By Glenn Ellis
“19 shootings, 28 victims, five dead as Philly weekend violence escalates; six shot, including four teens, at graduation party in Southwest Philly; over two days, 28 people were shot in 19 separate shootings in Philadelphia; 12 people shot, including three near a playground, in another violent weekend in Philly; shooting of six at playground BBQ caps bloody Father’s Day weekend in Philly”
These are a few of the news stories on gun violence in Philadelphia, where I live, just since the summer began!
On Wednesday, six police officers were shot in a standoff with a suspect during an incident in North Philadelphia.
Most of us believe Chicago is the most dangerous city in America, but if we look solely at the murder rate per capita, Philadelphia could be considered one of the most dangerous big cities in America.
But not so fast, there’s enough of this murder and devastation from gun violence to go around.
The combined murder total from Baltimore, Chicago, Los Angeles and Philadelphia has correctly predicted the national murder direction in every year but one between 1994 and 2017. The homicide rate for black Americans in all 50 states is, on average, eight times higher than that of whites, based on data from the Centers for Disease and Control.
Make no mistake, America has become much more dangerous. In fact, some foreign governments are issuing travel warnings to their citizens who plan a visit to the “Land of the Free and the Home of the Brave.” In general, U.S. residents are 128 times more likely to be killed by everyday gun violence than by international terrorism; black people specifically are 500 times more likely to die this way.
Japan; Canada; Ireland; and Germany are among the latest U.S. allies to issue such a warning. Sadly, in 2016, the Bahamas had this to say, “tensions in some American cities over shootings of young black males by police officers. In particular young males are asked to exercise extreme caution in affected cities in their interactions with the police.”
The government of France, which normally warns travelers about natural disasters now goes as far as to advise that French travelers “should keep their wits about them, including Boston’s Dorchester and Roxbury; New York’s Central Park (at night); downtown Houston and Atlanta; roughly a dozen neighborhoods in Chicago; and parts of Los Angeles, among others.” But, it’s also Baltimore; Cleveland; Richmond; Detroit; St. Louis; New Orleans; and many, many others.
Bottom line, this place ain’t safe!
Which brings me to the real reason I chose to write on this topic: our children.
Since we, as a nation, are currently sensitized to the trauma that children can be subjected to, with the recent incidents involving the children of immigrants, what about ours? The ones who have witnessed, been affected by, and are living in neighborhoods and communities where day in and day out, they live in environments that are inundated by shootings and homicides. This has been a particular difficult summer for them.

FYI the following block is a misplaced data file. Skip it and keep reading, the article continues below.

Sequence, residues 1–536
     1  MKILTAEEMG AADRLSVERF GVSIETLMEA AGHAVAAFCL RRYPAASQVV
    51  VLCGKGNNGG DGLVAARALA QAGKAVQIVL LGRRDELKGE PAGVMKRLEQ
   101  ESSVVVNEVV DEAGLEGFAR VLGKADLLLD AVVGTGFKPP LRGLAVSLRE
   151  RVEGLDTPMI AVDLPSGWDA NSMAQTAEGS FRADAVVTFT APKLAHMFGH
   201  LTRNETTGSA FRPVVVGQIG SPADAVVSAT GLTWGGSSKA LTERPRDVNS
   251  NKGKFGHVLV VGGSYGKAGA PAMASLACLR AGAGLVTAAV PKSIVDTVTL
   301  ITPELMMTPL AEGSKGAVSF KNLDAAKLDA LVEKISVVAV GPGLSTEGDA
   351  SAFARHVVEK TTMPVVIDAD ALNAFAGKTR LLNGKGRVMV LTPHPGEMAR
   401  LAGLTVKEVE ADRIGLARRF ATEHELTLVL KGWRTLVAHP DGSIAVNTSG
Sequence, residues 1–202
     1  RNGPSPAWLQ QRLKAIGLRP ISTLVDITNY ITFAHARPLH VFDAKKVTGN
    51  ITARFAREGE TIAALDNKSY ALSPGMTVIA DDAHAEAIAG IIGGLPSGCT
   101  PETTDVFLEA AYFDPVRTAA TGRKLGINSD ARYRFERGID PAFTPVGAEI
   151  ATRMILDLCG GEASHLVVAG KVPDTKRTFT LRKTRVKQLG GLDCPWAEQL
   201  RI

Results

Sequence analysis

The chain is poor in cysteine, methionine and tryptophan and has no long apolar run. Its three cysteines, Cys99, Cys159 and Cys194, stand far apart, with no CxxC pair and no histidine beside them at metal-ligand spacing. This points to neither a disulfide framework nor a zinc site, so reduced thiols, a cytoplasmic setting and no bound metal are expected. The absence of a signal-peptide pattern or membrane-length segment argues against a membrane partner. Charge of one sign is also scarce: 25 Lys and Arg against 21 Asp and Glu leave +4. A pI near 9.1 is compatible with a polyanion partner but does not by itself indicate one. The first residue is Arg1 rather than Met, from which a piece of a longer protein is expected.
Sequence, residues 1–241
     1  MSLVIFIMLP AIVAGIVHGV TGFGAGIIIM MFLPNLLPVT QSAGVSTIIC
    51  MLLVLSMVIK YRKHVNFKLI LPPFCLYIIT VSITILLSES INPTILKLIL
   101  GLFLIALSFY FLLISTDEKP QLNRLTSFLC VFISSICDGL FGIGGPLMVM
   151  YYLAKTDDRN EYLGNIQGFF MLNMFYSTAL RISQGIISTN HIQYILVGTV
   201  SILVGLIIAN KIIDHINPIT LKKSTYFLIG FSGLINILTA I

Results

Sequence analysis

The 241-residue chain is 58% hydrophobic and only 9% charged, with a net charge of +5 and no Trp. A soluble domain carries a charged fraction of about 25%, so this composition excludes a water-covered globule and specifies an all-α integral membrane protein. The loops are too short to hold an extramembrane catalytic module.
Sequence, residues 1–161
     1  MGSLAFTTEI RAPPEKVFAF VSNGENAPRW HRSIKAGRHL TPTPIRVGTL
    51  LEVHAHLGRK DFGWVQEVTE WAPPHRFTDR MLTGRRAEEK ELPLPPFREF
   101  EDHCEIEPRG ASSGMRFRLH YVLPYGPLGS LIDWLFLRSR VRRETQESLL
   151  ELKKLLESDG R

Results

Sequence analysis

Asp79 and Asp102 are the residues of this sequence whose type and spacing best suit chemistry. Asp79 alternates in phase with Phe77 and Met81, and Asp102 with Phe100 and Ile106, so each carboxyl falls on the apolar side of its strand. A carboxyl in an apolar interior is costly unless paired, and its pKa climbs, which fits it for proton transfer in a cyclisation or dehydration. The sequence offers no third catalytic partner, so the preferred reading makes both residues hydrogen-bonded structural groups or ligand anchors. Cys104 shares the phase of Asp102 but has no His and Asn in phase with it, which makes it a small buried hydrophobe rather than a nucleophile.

Our children and teens experience staggeringly high rates of gun deaths and injuries, right in their own neighborhoods. They become traumatized each time a friend or family member is killed, when someone they know is shot, and when they witness and even just hear gunshots.
Gun homicides, non-fatal shootings, and exposure to gun violence stunt lives and, because of their disproportionate impact, reflect and intensify this country’s long-standing racial inequities. Black and Hispanic children and teens are impacted by gun violence at higher rates than their white peers, in part because of deliberate policy decisions that created segregated neighborhoods and underinvestment in their communities. Firearms are the leading cause of death for black children and teens in America, while, according to Philadelphia Police Department, in 2014, in Philadelphia’s safest police district, which is approximately 85 percent white, no one was reported killed by gun violence; in the most violent district, with a roughly 90 percent black population, there were 189 shooting victims and 40 deaths.
Exposure to gun violence has an impact on children’s and teens’ psychological and mental well-being and affects their school performance, among other factors. When neighborhoods and schools are not safe from gun violence, entire generations of American children are affected. It is estimated that three million children witness a shooting each year!
Children exposed to violence, crime, and abuse are more likely to abuse drugs and alcohol; suffer from depression, anxiety, and posttraumatic stress disorder; resort to aggressive and violent behavior; and engage in criminal activity. They spend less time playing and being physically active, with one study finding that children said they would engage in an additional hour of physical activity every week if safety increased in their neighborhood.
We are now at the beginning of another school year, and many of us have gotten the school clothes/uniforms/ backpacks; and the new sneakers for our kids to be prepared for school. But are we acknowledging what they carry to school with them each day in their minds?
There are many efforts, by some well-intentioned people to end the School-to-Prison Pipeline. Let’s acknowledge that gun violence in minority neighborhoods across this country is not a black or brown problem – it’s a national one.
I believe the children are our future…don’t you?
Glenn Ellis, is Research Bioethics Fellow at Harvard Medical School and author of Which Doctor?, and Information is the Best Medicine. Listen to Glenn, on radio in Birmingham or V94.9, Sundays at 7:50pm, or visit: www.glennellis.com